The Operative Report dated /08, indicatedResident 1 underwent an exploratory laparotomy,small bowel resection (removal of part to the intestines) and placement of a new gastrostomy.The postoperative diagnoses were peritonitis and misplaced GT. The findings indicated the GT was outside the lumen (cavity) of the stomach and was removed. The wall of the stomach was intact and no perforated organs were noted.
A physician’s documentation in a Critical Care comfort care.care protocol9:35 p.m. The dysfunction,respiratory peritonitis,
Progress Note dated /08, revealed Resident 1was on mechanical ventilator (breathing machine)due to postoperative respiratory failure. The plan included aggressive fluid resuscitation and broad spectrum antibiotics.
Another physician’s documentation in a CriticalCare Progress Note dated /08, revealedResident 1's condition remained critical with poor prognosis. The plan included aggressive fluid resuscitation.
A Critical Care Progress Note dated 7/9/08,indicated Resident 1’s family member, who had advanced directive for decision making, along with other relatives, wanted to stop all life prolonging measures, all treatments and to limit the treatment to comfort measures and terminal care.
According to the Expiration Discharge Summary,dated /08, during the course of hospitalization,Resident 1 developed persistent renal dysfunction,worsening of the septic shock and multi-organ dysfunction. Given his multiple medical co-morbidities (presence of one or more diseases)and after discussion with the resident’s family member, the resident’s status became do not resuscitate (DNR) and was extubated (the tube
from the windpipe was removed) forThe resident was placed on comfort on /08, and expired on /08, at final diagnoses included GT pneumo-peritonitis, septic shock,failure, status post intubation, Escherichia coli bacteremia (bacteria in bloodstream) and right lower lobe pneumonia.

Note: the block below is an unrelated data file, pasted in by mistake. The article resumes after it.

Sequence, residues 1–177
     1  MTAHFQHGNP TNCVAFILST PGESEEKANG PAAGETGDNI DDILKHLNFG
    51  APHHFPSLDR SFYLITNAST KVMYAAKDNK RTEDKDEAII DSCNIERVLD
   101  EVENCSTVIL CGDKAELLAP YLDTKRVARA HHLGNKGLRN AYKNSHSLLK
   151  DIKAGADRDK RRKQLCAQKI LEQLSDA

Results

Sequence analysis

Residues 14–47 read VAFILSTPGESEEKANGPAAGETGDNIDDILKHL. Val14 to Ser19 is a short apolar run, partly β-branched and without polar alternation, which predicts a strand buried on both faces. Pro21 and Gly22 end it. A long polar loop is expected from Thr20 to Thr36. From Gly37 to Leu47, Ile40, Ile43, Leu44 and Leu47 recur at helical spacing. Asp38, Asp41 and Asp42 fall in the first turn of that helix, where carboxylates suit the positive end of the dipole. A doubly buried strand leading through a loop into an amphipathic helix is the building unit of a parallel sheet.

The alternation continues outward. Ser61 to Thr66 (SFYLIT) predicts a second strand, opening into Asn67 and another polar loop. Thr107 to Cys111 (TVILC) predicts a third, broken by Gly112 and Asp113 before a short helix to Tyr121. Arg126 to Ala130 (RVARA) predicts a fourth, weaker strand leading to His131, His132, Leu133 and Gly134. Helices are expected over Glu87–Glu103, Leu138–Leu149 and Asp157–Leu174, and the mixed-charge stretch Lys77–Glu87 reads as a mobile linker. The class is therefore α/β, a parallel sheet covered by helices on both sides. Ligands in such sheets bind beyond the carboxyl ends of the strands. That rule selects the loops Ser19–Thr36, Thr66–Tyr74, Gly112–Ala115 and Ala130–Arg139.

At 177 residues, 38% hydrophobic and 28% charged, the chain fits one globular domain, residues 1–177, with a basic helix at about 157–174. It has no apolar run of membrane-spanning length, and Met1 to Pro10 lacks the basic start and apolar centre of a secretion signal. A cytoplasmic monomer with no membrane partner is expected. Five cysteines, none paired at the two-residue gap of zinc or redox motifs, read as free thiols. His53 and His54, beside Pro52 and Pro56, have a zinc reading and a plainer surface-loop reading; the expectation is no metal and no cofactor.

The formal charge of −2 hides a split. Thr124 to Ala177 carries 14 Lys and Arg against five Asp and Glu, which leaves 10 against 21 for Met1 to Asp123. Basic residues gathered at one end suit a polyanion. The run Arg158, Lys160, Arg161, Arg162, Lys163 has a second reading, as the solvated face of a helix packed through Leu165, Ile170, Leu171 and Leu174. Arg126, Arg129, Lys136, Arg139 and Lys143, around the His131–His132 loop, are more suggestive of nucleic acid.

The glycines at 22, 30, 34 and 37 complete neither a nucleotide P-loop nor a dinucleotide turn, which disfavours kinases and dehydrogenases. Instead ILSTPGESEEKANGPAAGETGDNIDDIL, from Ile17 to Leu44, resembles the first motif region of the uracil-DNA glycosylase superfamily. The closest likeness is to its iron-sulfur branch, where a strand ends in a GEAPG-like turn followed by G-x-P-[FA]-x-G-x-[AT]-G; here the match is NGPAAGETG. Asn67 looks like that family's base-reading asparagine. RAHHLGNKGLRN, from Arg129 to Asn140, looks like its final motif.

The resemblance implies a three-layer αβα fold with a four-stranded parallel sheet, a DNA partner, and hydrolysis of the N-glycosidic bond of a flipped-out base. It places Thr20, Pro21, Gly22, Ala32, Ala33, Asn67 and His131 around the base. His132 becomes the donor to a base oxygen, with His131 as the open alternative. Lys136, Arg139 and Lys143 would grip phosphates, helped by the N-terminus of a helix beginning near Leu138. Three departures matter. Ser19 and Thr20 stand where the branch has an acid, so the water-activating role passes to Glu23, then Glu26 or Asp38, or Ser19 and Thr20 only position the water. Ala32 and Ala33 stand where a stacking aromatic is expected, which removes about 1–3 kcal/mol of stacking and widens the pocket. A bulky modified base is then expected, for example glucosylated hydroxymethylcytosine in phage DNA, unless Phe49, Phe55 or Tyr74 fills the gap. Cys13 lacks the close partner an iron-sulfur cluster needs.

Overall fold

According to the Certificate of Death, the date of death was /08, at 9:35 p.m., with the cause of death indicating multi-organ failure, sepsis,peritonitis and chronic renal failure.
On /08, at 3:05 p.m., during an interview, LVN1 stated on /08, she replaced the Foley catheter which had been used as a feeding tube with a newGT, but did not indicate she had any problems during the reinsertion. LVN 1 also stated a GT was usually changed only if the tube became dislodged.She further indicated that approximately two hours after the insertion, the resident started to bleed from the stoma and complained of abdominal pain.
On /08, at 3:40 p.m., during an interview, LVN3confirmed that the placement of the tube was checked by him as well as by LVN 2 by auscultation of the stomach (listening for air which is injected through the GT). LVN 3 also stated there was minimal bleeding of the resident's stoma after the GT was replaced and the stoma appeared reddened and irritated. LVN 3further indicated he applied pressure to the stoma, which then stopped bleeding and the resident was transferred to the hospital after the physician was notified.
The facility's undated policy and procedure onGastrostomy: Tube Changes, indicated to check tube placement and patency using standard procedures. The standard procedures were not specified in the policy.
On /08, at 3:50 p.m., the administrator stated an x-ray is not done following reinsertion of a feeding tube unless it is ordered by the physician.
The facility failed to ensure that Resident 1, who was fed by a GT, received the appropriate treatment and services to prevent complications by failing to:
Ensure Resident 1's GT was properly reinserted into the resident's stomach through the stoma. TheGT was inserted into Resident 1's peritoneal cavity located outside of the stomach, instead of into the stomach. As a result, Resident 1 developed peritonitis, respiratory failure and septic shock. Resident 1 expired six days after the GT was wrongly reinserted.
The above violation presented either imminent danger that death or serious harm would result or a substantial probability that death or serious physical harm would result and was a direct proximate cause of the death of the resident.